For outsiders coming in trying to understand the simple question of “What is paganism and how do I become a pagan”, I’m sure that all of this is extremely frustrating to try and learn and understand–especially to those who are used to Christianity, which even with its own branches has essential elements in common to identify themselves as being Christian. Paganism as an umbrella is nowhere near the same thing as Christianity as an umbrella, and the attempt to make comparisons where there are none I’m sure is a natural instinct to those who only know of their experiences and knowledge as a Christian. The learning curve is steep, room for confusion is high, and the potential to rage quit is probably even higher. Even more so given the fact that most people coming in from a Christian background unknowingly use Christianity as their template for how religions function, and then they come into a religion such as Hellenism and find that their world has been turned upside down. If we have no centralized faith or practice in Hellenism (and never did in antiquity either), how do we find anything centralized under the umbrella term of “pagan” or “paganism”? Answer: you don’t, so stop asking, stop looking, save yourselves from the madness and embrace the wild zen of what we all are collectively.

At the same time, those of us who DO come from polytheistic and/or pagan backgrounds need to realize that we have one thing in common: we are religious minorities struggling in a society that is codified, stamped, and molded into Christian mindsets and ideas. For those of us who were lucky enough to not come from Christian backgrounds, it’s a lot easier for us to come in with a blank slate and far less paradigms and expectations that need to be put into the shredder and then burned over a sacrificial flame. And our right to practice and exist varies according to locale and circumstance, and could potentially be threatened at any moment by hateful bigots–and unfortunately some of those bigots are coming from our own religious communities, and we need to guard against this. Regardless of our differences, we should come together and fight for each other because in the end, people won’t know the difference and they won’t care whether or not your faith is based on ancient texts or traditions rooted in the Hermetic Order of the Golden Dawn and other forms of ceremonial magic that came out in the late 19th century. There’s something to be said for embracing our diversity while recognizing that we’re all in that terrible boat together, and we don’t have to pretend to have similarities in order to accomplish that.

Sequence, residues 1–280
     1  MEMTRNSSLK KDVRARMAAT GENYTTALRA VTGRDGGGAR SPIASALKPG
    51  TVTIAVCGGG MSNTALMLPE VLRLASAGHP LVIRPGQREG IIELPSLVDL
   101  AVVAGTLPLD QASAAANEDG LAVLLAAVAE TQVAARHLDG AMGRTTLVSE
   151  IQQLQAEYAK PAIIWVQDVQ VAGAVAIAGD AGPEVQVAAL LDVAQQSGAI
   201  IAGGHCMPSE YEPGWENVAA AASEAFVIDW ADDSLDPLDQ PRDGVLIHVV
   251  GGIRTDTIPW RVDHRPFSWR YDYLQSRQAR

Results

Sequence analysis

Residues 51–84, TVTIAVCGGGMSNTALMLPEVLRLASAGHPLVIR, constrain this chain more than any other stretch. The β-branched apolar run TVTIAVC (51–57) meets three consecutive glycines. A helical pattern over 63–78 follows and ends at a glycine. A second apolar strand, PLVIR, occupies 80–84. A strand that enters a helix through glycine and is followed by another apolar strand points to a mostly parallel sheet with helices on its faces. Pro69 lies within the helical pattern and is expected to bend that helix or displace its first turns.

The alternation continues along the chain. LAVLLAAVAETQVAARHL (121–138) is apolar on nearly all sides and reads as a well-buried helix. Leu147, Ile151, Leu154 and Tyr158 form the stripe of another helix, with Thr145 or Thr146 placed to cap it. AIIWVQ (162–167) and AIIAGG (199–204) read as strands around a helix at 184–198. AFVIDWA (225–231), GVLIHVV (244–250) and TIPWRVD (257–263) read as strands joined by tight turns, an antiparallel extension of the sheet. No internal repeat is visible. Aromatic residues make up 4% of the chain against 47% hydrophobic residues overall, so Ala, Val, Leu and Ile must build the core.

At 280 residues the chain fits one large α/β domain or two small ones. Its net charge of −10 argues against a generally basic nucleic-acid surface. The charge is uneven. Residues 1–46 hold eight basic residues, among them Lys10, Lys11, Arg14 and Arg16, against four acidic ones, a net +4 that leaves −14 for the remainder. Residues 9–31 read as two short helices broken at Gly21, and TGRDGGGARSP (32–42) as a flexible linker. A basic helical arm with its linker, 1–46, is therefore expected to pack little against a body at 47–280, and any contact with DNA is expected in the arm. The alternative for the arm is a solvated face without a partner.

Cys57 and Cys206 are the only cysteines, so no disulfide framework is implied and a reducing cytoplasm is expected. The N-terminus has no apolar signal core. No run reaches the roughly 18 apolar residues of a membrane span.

We can fight for human rights, the right to practice our faith, to stand against abuse in our communities, to not tolerate intolerance, and can accomplish all that without pretending we’re all the same. And it’s something we may have to do very, very soon given the current climate. We don’t have to agree, and we can sure as hell continue our own individual community in-fighting at the same time we’re doing it–I am a passionate champion of multitasking. So while the terms “pagan” and “neo-pagan” aren’t perfect ones, can frequently be bad or misleading, and on the whole can cause more internet arguments than they resolve, there’s also a bigger picture to consider: we must support and embrace our differences and each other in order for us to survive in this world, and I don’t mind standing under this imperfect and broken umbrella in order to accomplish that.